For Assistant Professor Jennifer Hinebaugh, fighting human trafficking, helping a struggling student and easing millennials’ transitions into the workforce are all the same mission. They’re about making people feel safe.
Embry-Riddle meteorology students exploring the Great Plains to observe severe weather over the past couple of weeks got exactly what they were looking for in northern Kansas, three days into their trip.
Just one-quarter mile from the students, an EF-2 tornado – which carries winds of 111-135 mph – crossed the road ahead of them “and then strengthened rapidly,” said Shawn Milrad, assistant professor of meteorology, who – along with Dr. Tom Guinn, professor or meteorology and meteorology program coordinator – accompanied the students.
“It was 15 seconds of pure adrenaline,” said Embry-Riddle senior Sarah Roddey, “to see a tornado forming right on top of us.”
Twenty-two highly accomplished students will receive generous scholarships as part of a strategic effort to expand and diversify the aviation workforce, Embry-Riddle Aeronautical University and The Boeing Company announced today at the Paris Air Show.
As a child, Kyle P. Williams (’16), of Massapequa, N.Y., loved Lego, working on cars and any other activity that allowed him to work with his hands. Now, working at SpaceX, he’s transformed his childhood hobby into the career of a lifetime.
It’s an exciting time to be working at SpaceX. Last month marked the long-awaited launch of the company’s Starlink project, when the company sent the first 60 of 12,000 planned satellites into orbit as an alternative means of providing high-speed internet to users on Earth. The project is a first of its kind, according to Mechanical Engineering professor Dr. Sathya Gangadharan — but missions of this size would never succeed, he said, without the help of Embry-Riddle alumni.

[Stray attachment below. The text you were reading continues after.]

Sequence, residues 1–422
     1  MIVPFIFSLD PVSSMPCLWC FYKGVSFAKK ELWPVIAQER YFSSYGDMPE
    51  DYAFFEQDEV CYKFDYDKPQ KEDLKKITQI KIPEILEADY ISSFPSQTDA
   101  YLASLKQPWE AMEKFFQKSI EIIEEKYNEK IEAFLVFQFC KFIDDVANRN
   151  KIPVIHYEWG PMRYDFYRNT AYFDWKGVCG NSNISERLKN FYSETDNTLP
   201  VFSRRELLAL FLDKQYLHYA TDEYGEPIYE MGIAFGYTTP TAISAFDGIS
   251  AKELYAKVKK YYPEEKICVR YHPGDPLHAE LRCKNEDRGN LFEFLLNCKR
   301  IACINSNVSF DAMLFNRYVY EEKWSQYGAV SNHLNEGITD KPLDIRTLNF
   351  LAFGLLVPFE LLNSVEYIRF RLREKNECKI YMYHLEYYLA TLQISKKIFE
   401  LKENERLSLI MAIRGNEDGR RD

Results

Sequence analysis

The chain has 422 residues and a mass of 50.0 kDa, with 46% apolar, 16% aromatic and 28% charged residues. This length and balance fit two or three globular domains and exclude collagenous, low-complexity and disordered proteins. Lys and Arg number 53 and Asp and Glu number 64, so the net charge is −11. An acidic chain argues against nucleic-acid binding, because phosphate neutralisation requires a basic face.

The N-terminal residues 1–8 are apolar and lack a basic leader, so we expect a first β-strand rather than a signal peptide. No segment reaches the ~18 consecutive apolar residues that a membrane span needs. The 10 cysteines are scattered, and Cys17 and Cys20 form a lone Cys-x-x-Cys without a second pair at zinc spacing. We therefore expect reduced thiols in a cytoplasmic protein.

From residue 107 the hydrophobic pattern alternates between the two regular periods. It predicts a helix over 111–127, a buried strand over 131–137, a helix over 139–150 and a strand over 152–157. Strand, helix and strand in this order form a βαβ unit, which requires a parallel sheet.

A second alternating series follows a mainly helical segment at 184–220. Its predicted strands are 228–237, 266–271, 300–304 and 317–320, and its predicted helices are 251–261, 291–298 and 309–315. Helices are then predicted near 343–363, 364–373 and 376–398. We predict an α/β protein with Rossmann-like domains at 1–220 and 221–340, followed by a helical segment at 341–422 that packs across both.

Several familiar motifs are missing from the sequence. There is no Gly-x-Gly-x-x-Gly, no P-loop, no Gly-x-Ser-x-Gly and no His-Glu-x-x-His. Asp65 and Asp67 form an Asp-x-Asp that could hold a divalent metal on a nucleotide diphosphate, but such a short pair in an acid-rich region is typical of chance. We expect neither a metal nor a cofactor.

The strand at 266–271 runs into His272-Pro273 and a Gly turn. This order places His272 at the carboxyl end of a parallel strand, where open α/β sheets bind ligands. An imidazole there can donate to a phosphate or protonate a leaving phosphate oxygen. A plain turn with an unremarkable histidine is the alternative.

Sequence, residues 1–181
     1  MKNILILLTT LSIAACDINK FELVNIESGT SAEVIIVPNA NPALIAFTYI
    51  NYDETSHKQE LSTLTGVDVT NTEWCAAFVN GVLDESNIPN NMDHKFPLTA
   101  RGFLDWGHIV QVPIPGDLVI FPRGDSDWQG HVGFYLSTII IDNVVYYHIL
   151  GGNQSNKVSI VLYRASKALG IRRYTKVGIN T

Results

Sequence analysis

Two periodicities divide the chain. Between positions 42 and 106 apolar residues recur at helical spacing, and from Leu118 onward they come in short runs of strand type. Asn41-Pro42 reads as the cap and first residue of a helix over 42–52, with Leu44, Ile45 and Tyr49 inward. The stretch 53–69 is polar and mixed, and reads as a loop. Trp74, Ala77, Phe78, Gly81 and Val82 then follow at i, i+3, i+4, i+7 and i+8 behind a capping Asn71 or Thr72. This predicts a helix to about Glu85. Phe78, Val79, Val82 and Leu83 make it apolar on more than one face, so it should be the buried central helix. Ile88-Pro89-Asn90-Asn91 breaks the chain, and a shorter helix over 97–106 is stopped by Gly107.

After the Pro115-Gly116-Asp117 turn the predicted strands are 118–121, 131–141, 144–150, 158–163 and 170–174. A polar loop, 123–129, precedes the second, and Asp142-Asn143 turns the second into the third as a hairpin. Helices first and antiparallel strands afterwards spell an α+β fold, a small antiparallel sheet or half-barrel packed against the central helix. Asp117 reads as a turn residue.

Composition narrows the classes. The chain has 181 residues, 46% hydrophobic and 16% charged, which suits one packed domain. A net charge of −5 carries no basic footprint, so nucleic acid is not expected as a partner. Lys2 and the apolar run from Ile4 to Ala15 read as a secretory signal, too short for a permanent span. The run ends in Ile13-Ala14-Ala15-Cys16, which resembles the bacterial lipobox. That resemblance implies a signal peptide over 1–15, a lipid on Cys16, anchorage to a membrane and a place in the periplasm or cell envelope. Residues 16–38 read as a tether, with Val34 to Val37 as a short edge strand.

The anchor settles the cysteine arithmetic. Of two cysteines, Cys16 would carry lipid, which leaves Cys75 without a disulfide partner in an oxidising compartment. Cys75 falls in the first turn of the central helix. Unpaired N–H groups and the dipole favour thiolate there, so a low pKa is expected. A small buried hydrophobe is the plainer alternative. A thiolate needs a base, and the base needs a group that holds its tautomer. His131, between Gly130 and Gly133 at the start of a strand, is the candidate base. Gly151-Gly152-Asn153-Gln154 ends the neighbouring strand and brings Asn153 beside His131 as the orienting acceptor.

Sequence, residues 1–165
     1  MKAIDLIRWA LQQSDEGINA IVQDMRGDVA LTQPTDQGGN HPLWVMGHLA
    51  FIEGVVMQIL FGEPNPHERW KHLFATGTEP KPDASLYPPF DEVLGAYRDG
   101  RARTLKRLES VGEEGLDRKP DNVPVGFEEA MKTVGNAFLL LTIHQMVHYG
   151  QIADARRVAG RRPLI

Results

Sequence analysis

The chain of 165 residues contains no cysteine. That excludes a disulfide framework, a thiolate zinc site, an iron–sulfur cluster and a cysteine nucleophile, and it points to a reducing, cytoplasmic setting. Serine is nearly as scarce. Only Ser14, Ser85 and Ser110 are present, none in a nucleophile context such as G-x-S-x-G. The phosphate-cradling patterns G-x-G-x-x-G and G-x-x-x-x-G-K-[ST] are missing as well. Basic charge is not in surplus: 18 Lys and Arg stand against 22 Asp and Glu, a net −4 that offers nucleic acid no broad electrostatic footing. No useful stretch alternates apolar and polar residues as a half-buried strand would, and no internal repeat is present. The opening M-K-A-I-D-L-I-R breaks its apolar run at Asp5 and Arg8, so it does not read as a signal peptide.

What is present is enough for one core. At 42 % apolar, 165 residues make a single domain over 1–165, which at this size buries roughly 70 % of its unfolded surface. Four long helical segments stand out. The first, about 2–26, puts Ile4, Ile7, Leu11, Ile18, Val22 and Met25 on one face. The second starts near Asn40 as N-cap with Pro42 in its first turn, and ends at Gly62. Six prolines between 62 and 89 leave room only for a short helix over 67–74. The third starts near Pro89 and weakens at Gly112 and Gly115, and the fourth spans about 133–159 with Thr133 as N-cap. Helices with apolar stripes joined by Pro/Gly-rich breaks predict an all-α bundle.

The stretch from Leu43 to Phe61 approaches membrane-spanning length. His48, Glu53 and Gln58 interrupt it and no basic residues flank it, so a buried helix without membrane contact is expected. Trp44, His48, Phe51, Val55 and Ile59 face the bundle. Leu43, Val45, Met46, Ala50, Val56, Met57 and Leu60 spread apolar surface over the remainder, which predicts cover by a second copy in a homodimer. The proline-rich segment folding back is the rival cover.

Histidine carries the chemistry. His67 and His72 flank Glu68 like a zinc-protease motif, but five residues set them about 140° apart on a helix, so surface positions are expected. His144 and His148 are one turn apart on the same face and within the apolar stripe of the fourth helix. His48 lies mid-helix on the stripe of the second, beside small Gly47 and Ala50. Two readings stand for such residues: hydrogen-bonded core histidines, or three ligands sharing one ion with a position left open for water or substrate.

“SpaceX is pushing the forefront of exploring new worlds and new technology,” Williams said. “We are a groundbreaking company. We do things that people think are impossible.”
A team of seven Aerospace Engineering students at Embry-Riddle Aeronautical University’s Prescott campus has designed and produced a camera attachment system for the International Space Station (ISS), and were selected to participate in NASA’s Micro-G NExT challenge in Houston, TX in early June. Project CAM (Camera Attachment Mechanism) was devised by the student team to assist astronauts venturing into the vacuum of space by providing additional camera coverage during Extra Vehicular Activities (EVA) beyond standard helmet camera attachments, which provide limited views of EVA to mission control.
Helping more students succeed in becoming professional engineers is the goal of a $599,485 research project, funded by the National Science Foundation (NSF) and headed up at Embry-Riddle’s Worldwide Campus by Dr. Jeremy V. Ernst.
The multi-university project aims to transform rote, lecture-style educational approaches to actively engage first-year engineering students in learning. Using an “active performance-based learning” or APL framework originally developed for an engineering graphics design course at North Carolina State University, researchers will fine-tune and scale up the content. Ultimately, Ernst and his colleagues hope to share the curriculum with many other institutions across the country.